> >>> (and not duplicating messages) then the topic would eventually have no
> >>> data..
> >>>
> >>> Or should I make a program with some math formula like receive x write
> >> xx.
> >>> If duplication is happening I would start seeing multiple xx's
> >>>
> >>> Or send 1,000,000,000 messages through and consumer logs them to a
> file.
> >>> Then use an etl tool to validate messages come out on the other side.
> >>>
> >>> Or should I use a nosql with increments and count up and ensure no key
> >> has
> >>> been incremented twice.
> >>>
> >>> note: I realize I can just use kafka streams or storm, which has its
> own
> >>> systems to guarantee "at most once" but Iooking for a way to prove what
> >> can
> >>> be done with pure kafka. (and not just prove it adtech work (good
> enough
> >> 5%
> >>> here or there) )
> >>>
> >>> I imagine someone somewhere must be doing this. How where tips? Is it
> >> part
> >>> of some kafka release stress test? I'm down to write it if it does not
> >>> exist.
> >>>
> >>> Thanks,
> >>> Edward,
> >>>
> >>> Thanks,
> >>> Edward
> >>>
> >>
> >
> > Boyang,
> >
> > I just to summarize and make sure I understood your question, you want to
> > implement some Chaos testing to validate Kafka EOS model, but not sure
> how
> > to start or curious about whether there are already works in the
> community
> > doing that?
> >
> > Yes.
> >
> > I am not an expert in this field, but I know what distributed systems can
> > mask failures. For example if you have atomic increment you might unit
> test
> > it and it works fine, but if you ran it for 40 days it might double
> count 1
> > time.
> >
> >  of Kafka EOS, we have tons of unit tests and system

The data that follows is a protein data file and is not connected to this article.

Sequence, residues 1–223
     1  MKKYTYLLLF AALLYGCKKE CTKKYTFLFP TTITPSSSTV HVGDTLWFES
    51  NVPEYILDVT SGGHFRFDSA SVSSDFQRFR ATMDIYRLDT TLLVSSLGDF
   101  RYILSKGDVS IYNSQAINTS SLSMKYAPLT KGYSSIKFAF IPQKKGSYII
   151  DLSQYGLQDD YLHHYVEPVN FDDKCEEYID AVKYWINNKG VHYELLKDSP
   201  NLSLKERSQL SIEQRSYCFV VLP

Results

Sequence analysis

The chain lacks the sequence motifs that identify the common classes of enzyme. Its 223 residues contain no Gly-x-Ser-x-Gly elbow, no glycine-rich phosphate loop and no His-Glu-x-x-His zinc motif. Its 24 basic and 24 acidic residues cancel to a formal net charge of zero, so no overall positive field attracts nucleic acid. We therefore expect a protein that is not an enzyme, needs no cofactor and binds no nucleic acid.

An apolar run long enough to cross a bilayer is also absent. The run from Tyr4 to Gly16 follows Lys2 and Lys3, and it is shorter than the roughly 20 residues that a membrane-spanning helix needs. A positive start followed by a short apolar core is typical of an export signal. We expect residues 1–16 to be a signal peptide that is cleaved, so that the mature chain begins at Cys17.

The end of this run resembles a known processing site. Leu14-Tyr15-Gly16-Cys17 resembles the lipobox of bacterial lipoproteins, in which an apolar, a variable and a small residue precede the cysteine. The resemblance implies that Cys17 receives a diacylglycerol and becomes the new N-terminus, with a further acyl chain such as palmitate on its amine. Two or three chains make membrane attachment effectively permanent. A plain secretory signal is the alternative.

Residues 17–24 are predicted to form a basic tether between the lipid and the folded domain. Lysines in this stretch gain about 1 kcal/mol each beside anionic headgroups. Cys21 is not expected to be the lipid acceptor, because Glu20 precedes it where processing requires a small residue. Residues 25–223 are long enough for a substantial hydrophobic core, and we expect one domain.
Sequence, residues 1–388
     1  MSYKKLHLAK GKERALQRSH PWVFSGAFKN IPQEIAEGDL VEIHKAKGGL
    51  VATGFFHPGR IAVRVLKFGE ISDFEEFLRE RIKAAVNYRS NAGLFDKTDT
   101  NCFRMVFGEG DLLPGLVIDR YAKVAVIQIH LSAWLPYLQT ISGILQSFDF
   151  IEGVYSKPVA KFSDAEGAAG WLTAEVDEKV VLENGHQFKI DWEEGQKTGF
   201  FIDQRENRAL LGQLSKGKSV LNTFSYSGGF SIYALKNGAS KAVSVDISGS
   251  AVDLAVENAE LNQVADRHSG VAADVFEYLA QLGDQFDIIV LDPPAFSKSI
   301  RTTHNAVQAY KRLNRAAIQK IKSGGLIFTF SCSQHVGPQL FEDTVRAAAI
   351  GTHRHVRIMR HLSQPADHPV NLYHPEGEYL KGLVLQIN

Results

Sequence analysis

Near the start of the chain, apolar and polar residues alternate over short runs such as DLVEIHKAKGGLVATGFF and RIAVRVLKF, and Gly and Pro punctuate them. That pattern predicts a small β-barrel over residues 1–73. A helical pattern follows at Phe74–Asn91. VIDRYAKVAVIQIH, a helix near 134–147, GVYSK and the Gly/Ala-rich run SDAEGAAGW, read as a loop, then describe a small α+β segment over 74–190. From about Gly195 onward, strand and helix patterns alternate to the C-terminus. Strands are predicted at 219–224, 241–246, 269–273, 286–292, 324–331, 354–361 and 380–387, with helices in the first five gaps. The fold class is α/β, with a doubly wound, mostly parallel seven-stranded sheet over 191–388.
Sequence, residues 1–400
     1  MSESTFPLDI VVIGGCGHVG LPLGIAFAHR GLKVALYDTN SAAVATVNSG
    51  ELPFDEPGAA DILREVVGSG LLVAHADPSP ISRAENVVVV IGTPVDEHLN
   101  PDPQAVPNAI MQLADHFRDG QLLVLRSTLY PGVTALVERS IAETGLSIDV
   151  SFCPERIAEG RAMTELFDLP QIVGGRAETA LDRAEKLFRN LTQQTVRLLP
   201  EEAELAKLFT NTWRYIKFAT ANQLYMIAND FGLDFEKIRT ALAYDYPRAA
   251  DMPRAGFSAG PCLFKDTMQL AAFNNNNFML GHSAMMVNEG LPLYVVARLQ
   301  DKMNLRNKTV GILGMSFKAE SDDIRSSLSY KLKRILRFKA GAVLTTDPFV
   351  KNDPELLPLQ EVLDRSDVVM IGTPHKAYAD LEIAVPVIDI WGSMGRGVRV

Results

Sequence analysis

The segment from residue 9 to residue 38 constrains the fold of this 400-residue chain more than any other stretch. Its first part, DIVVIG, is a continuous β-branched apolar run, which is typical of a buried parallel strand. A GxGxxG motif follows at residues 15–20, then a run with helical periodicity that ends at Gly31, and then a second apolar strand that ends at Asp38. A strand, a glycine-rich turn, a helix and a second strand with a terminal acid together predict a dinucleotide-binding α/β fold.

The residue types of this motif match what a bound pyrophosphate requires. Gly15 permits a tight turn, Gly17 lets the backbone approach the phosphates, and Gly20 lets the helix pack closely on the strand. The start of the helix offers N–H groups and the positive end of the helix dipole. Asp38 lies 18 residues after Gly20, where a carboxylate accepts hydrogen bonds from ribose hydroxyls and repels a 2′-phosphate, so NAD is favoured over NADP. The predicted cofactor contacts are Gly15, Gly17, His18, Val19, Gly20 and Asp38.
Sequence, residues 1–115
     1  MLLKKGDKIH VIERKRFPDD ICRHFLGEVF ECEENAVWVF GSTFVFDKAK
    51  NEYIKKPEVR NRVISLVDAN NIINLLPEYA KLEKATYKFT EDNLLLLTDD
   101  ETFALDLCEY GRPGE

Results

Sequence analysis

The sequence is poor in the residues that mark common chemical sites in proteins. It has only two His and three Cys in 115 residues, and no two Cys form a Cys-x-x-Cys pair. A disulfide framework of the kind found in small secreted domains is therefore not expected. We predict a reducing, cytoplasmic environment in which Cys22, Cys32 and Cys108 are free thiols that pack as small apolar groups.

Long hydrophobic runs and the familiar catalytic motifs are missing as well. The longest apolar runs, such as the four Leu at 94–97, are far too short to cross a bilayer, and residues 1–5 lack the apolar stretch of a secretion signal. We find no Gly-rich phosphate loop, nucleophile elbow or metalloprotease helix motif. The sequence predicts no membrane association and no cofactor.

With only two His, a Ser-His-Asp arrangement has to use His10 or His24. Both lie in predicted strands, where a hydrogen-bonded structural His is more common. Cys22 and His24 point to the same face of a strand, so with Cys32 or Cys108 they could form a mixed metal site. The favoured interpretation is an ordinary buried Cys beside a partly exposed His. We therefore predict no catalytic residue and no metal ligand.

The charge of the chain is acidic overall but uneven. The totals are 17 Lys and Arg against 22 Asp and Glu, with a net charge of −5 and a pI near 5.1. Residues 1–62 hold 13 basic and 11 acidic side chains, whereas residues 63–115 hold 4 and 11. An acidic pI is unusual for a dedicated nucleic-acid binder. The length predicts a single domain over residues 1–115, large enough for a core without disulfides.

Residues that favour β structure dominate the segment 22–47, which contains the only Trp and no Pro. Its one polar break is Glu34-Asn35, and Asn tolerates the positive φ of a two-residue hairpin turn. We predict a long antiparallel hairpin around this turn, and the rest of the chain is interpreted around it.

> > tests to prove its functionality. They could be found inside the repo.
> >
> > I've been a developer for a while so the phrase "there are tests" never
> > tells me everything. Tests reveal the presence of bugs not the absence.
> >
> > Can you please point me at the tests? My curiosity is if there is a
> > systematic in-depth strategy here and how much rigor there is.
> >
> > In my environment I need to quantify and use rigor to prove out these
> > things. Things that you might take for granted. For example, I have to
> > prove that zookeeper works as expected when we lose a datacenter. Most
> > people 'in the know' take it for granted that kafka and zk do what is
> > advertised when configured properly. I have to test that out and document
> > my findings.
> >
> > For kafka transactions. The user space code needs to be written properly
> > and configured properly along with the server being setup properly. It is
> > not enough for me to check out kafka run 'sbt test' and declare victory
> > after the unit tests pass.
> >
> > What I am effectively looking for is the anti jepsen blog that says...We
> > threw the kitchen sink at this and these transactions are bullet proof.
> > Here is our methodology, here is some charts, here is xyz. Here is how we
> > run it every minor release
> >
> > I'm not trying to be a pita, educate me on how bullet proof this is and
> how
> > I can reproduce the results.
> >
> >
> >
> >
> >
> >
> >


After a few weeks of hacking at this I have found a few interesting things.
First things first, introducing Kafos


Kafos (think Kafka + Chaos) . Kafos is a project that attempts to prove out
Kafka transactions do exacty-once by launching multiple servers and
consume/producers, killing them off and counting how many messages land on
the other end.

Note: The project is a little raw at this point, (it has hard code to my
home folders and some long Thread.sleep() calls in there. I will clean it
up as I go,) but I have some early findings.

>From the blog here, I want to point out the following flaws:


KafkaProducer producer = createKafkaProducer(
“bootstrap.servers”, “localhost:9092”,
“transactional.id”, “my-transactional-id”);

1) a fixed transaction.id effectively means the first worker fences all the
other ones.While being exactly-once, there is exactly one worker and no

Spring has two schemes that seem to implement random information in the